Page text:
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Single Photon Quantum Mechanics
The general topic involves experiments with correlated photons. In the Immersion we will cover the following lab exercises, which include full hands-on setup and alignment: Spontaneous parametric down-conversion, single-photon interference, quantum eraser, Hanbury-Brown-Twiss test, entanglement, Bell inequality violation. The goal of the workshop is to get faculty to learn how to set up and do the experiments. Although we have sessions where we discuss the significance of the experiments, mot of the time is spent on hands-on experimentation. This way, participants are able to go back to their institutions and be able to put together an apparatus and implement successful experiments.
Equipment: The apparatus: 2’x5’ optical breadboard with diode and HeNe lasers, down-conversion crystal, optical steering hardware, polarization optics, fiber optics, photon detection equipment, and data acquisition board/electronics and PC with Labview interface.
Curriculum: The experiments underscore fundamentals of quantum mechanics: superposition and entanglement. The goal is for students to understand what quantum mechanics has to say about light, superposition and other fundamental concepts, such as nonlocality, determinism and realism. Students grapple with challenging fundamental concepts of quantum mechanics in the context of real experiments. These experiments can be implemented in several contexts, but are well suited for the advanced lab. These have also been introduced into other parts of the physics curriculum.
Skills that may be acquired through the experiments: Laser optics (alignment etc.), photon counting, pulse electronics, Labview.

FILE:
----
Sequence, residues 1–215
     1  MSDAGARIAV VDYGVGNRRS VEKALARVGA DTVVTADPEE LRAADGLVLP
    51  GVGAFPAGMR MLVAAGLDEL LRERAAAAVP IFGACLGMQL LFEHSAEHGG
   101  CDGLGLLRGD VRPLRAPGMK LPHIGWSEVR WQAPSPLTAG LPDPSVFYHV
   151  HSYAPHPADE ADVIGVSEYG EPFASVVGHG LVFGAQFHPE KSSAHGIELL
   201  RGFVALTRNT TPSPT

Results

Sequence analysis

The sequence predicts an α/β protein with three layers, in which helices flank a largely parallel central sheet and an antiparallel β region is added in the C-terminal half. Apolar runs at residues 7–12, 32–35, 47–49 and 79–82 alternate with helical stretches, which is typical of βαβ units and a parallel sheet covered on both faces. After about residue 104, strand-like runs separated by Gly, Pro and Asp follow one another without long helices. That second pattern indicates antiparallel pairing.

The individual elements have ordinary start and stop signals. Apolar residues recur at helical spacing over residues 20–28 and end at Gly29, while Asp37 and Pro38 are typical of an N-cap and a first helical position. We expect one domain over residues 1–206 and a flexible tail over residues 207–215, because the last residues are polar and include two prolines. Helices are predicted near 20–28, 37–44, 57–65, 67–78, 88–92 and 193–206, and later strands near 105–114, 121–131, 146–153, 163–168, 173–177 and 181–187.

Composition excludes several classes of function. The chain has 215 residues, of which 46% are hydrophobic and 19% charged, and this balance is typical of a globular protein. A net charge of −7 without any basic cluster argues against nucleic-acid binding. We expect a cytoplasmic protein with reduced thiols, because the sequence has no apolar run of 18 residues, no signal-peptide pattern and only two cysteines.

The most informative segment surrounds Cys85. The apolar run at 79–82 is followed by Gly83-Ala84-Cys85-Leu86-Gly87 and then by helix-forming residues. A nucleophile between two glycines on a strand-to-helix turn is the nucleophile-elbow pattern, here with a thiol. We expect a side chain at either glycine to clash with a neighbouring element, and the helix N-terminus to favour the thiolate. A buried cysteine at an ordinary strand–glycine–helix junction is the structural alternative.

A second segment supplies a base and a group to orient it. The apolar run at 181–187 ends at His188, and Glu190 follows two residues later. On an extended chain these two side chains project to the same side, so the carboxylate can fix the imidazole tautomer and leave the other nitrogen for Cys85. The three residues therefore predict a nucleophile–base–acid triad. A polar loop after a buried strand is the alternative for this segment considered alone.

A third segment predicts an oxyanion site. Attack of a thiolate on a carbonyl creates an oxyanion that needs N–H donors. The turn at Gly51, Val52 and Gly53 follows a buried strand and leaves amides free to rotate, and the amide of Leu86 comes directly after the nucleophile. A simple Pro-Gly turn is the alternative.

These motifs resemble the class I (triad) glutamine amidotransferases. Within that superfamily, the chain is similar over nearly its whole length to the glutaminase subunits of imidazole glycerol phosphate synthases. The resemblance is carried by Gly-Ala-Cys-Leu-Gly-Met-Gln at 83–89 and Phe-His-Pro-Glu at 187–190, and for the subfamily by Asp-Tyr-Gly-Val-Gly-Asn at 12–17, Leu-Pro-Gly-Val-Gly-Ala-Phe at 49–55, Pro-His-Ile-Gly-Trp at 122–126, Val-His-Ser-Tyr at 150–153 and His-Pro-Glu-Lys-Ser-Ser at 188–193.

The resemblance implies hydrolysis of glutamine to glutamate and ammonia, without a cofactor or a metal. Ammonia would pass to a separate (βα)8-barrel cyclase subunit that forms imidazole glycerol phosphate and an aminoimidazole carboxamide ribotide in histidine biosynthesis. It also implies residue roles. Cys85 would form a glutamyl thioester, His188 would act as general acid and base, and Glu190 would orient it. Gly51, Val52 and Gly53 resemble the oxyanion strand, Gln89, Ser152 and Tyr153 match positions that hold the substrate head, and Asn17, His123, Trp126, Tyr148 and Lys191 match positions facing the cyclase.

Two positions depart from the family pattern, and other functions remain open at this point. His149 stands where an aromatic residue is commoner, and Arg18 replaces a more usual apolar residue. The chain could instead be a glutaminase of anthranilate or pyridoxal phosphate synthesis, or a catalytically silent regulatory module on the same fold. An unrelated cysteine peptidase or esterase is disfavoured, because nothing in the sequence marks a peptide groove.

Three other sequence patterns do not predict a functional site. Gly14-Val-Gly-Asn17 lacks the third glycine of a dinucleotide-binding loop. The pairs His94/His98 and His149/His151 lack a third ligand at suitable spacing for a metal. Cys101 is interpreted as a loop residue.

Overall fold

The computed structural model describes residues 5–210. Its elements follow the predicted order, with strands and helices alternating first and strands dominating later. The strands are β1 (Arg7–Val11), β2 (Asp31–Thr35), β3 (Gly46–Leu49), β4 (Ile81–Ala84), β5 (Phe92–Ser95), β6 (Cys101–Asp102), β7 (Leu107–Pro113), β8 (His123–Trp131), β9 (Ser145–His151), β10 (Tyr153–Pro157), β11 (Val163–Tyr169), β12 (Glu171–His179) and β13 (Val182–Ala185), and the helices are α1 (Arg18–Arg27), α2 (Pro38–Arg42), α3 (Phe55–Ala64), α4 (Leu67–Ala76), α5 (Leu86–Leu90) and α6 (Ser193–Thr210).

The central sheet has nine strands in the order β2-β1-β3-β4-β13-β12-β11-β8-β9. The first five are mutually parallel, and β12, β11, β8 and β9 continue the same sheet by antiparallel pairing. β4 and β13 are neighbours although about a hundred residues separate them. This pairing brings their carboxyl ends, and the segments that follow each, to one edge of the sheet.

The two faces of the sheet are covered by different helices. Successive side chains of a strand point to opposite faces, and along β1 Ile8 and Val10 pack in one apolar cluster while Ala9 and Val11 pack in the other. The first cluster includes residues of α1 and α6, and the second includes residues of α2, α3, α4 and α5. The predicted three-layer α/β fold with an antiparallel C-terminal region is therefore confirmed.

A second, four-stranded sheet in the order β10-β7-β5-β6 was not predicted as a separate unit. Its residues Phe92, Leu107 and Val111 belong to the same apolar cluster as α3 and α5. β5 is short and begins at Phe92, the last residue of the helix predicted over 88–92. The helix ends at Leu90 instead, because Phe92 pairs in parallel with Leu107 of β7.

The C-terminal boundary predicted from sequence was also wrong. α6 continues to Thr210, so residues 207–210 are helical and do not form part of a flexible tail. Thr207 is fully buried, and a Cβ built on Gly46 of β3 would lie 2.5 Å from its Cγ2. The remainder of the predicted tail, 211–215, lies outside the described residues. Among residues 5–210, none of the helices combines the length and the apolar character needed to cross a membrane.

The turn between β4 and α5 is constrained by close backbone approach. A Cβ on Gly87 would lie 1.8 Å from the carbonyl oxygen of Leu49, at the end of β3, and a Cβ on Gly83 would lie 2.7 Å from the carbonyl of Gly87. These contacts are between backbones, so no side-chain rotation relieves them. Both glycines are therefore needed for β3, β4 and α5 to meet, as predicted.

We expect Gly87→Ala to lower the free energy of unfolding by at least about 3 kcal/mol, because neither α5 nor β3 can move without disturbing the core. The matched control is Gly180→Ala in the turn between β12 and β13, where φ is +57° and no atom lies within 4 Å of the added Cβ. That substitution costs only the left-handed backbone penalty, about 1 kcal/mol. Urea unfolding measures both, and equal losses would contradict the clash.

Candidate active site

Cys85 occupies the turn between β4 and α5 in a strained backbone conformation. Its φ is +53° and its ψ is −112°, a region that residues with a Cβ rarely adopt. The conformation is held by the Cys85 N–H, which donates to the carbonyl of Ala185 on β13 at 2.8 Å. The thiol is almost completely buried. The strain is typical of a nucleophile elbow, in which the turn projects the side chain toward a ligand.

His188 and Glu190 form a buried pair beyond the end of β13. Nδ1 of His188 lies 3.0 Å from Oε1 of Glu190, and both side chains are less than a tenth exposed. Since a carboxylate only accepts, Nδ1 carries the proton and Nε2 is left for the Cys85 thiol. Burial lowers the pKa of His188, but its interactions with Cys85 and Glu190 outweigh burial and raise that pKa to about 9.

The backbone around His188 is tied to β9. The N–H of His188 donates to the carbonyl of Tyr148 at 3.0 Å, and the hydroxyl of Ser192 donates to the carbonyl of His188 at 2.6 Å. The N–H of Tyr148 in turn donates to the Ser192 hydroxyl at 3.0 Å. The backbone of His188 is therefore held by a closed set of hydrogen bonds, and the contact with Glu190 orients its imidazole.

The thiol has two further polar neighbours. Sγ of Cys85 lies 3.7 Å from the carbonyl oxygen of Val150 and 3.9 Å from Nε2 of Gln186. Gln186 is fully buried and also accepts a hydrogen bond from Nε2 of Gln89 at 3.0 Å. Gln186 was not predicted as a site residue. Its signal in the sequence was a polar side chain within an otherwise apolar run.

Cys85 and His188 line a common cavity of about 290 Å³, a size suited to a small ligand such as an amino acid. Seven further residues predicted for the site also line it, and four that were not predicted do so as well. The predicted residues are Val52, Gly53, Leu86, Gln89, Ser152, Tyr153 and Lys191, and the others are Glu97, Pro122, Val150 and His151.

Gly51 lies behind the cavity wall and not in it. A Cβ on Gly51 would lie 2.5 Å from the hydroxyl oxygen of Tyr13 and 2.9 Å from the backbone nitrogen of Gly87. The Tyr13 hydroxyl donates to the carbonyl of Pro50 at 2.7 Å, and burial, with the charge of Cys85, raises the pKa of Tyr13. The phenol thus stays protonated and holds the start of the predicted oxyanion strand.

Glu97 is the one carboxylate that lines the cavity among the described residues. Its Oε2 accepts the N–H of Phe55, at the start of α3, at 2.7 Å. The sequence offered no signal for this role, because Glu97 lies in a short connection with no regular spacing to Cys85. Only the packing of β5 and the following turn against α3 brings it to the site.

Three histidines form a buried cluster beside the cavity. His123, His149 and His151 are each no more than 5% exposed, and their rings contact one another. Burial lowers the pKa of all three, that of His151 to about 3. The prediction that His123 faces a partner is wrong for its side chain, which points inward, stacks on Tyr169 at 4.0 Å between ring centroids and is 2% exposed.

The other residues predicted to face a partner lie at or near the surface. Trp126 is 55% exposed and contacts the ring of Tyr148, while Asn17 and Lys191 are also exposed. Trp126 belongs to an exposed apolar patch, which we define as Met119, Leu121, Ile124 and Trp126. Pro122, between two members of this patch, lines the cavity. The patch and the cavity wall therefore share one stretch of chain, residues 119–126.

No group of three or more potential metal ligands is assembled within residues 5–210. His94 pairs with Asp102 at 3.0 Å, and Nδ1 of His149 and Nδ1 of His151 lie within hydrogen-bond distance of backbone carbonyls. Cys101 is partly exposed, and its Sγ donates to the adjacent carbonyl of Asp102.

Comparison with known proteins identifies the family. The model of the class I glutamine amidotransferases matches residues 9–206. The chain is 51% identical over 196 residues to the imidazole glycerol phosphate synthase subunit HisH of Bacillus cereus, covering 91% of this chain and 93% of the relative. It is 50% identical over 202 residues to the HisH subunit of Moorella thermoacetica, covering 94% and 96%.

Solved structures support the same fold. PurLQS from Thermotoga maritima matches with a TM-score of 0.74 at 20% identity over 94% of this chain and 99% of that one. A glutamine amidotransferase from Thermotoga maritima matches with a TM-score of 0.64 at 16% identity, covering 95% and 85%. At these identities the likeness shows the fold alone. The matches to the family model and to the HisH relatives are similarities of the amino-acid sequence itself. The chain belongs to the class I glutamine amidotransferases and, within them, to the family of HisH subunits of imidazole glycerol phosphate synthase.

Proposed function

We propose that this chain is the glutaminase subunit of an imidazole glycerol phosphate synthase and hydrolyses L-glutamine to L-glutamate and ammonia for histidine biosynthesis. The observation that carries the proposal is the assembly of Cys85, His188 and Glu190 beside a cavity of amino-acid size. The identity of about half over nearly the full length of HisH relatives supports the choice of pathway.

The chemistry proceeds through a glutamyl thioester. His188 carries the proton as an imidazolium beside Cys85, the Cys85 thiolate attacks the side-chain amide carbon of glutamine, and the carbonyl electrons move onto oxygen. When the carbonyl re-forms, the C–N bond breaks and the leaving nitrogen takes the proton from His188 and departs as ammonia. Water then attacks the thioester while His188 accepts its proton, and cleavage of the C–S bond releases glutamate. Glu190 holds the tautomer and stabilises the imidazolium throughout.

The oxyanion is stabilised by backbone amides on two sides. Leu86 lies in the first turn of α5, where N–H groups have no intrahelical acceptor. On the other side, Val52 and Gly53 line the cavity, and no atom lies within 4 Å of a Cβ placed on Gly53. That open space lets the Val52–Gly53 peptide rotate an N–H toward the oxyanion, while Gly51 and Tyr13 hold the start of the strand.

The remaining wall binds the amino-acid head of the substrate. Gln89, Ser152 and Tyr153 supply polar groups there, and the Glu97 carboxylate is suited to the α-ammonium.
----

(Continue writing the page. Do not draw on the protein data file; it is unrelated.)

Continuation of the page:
Schedule (2-1/2 days):
Harvey Mudd College:
Experiments with single photons can powerfully illustrate the fundamental principles of quantum mechanics in a very simple laboratory setting. In this Immersion, participants will perform experiments, on a single apparatus, illustrating two major topics: the wave/particle duality and the nature of quantum entanglement. Thirty years ago, such experiments represented a tour de force of technology and equipment; today they can be done in a few afternoons in a junior-level optics lab, thanks to current photon-counting technology and the use of nonlinear crystals to produce entangled photon pairs. Yet these experiments are still closely related to active research in quantum information and the fundamentals of quantum mechanics.
In this immersion, participants will use a simple apparatus that produces near-IR photons in pairs via the process of spontaneous parametric downconversion in a nonlinear crystal, and detects them via photon-counting silicon avalanche photodiodes. The photon pairs allow for two general categories of investigation. First, we can conduct experiments on individual photons by using one member of a pair to herald the existence and arrival of the other member, on which the single-photon experiments are carried out. Participants will use this approach to observe the existence of single light quanta (photons), by seeing that photons incident one at a time on a beamsplitter never produce simultaneous clicks on both output ports. We will then observe that photons incident one at a time on an interferometer nevertheless exhibit interference fringes, highlighting the wave/particle duality.